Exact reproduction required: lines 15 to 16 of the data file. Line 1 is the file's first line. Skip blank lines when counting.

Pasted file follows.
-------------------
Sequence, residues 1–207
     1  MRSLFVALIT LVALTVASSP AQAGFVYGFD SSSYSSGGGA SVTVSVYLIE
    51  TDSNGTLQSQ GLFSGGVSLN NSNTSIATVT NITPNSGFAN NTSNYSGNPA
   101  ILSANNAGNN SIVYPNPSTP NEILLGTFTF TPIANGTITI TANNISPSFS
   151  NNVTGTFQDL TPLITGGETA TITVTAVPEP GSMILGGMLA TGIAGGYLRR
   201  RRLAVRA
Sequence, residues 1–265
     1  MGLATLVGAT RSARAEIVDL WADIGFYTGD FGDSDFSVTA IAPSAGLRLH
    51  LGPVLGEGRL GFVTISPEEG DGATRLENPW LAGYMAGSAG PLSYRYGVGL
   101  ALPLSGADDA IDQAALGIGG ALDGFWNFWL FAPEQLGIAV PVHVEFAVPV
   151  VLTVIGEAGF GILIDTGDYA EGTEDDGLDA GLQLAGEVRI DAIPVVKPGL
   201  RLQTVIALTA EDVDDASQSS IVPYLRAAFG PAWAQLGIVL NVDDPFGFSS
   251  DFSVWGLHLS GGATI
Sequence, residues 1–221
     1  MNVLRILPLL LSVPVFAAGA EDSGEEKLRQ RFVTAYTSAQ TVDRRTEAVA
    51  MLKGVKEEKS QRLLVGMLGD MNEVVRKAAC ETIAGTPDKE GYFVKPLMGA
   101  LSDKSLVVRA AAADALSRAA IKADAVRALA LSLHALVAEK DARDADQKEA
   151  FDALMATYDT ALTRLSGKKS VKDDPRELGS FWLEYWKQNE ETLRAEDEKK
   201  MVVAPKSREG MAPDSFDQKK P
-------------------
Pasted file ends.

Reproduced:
     1  MNVLRILPLL LSVPVFAAGA EDSGEEKLRQ RFVTAYTSAQ TVDRRTEAVA
    51  MLKGVKEEKS QRLLVGMLGD MNEVVRKAAC ETIAGTPDKE GYFVKPLMGA